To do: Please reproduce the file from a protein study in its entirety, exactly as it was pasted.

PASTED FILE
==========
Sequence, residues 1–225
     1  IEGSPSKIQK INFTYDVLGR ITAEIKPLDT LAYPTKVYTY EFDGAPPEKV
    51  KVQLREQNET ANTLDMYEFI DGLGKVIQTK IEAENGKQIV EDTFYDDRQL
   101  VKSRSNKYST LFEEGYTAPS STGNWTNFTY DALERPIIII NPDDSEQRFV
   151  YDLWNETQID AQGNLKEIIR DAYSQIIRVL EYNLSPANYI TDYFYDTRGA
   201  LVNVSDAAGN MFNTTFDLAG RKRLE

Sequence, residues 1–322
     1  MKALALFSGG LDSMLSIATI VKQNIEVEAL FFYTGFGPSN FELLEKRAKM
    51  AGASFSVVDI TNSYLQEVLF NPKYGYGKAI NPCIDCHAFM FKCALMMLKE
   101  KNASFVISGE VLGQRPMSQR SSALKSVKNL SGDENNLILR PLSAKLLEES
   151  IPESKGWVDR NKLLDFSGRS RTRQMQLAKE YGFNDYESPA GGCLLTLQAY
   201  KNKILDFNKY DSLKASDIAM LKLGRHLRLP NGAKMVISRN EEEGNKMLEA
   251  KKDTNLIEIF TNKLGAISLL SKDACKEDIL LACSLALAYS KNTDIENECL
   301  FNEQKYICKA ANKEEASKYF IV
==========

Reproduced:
Sequence, residues 1–225
     1  IEGSPSKIQK INFTYDVLGR ITAEIKPLDT LAYPTKVYTY EFDGAPPEKV
    51  KVQLREQNET ANTLDMYEFI DGLGKVIQTK IEAENGKQIV EDTFYDDRQL
   101  VKSRSNKYST LFEEGYTAPS STGNWTNFTY DALERPIIII NPDDSEQRFV
   151  YDLWNETQID AQGNLKEIIR DAYSQIIRVL EYNLSPANYI TDYFYDTRGA
   201  LVNVSDAAGN MFNTTFDLAG RKRLE

Sequence, residues 1–322
     1  MKALALFSGG LDSMLSIATI VKQNIEVEAL FFYTGFGPSN FELLEKRAKM
    51  AGASFSVVDI TNSYLQEVLF NPKYGYGKAI NPCIDCHAFM FKCALMMLKE
   101  KNASFVISGE VLGQRPMSQR SSALKSVKNL SGDENNLILR PLSAKLLEES
   151  IPESKGWVDR NKLLDFSGRS RTRQMQLAKE YGFNDYESPA GGCLLTLQAY
   201  KNKILDFNKY DSLKASDIAM LKLGRHLRLP NGAKMVISRN EEEGNKMLEA
   251  KKDTNLIEIF TNKLGAISLL SKDACKEDIL LACSLALAYS KNTDIENECL
   301  FNEQKYICKA ANKEEASKYF IV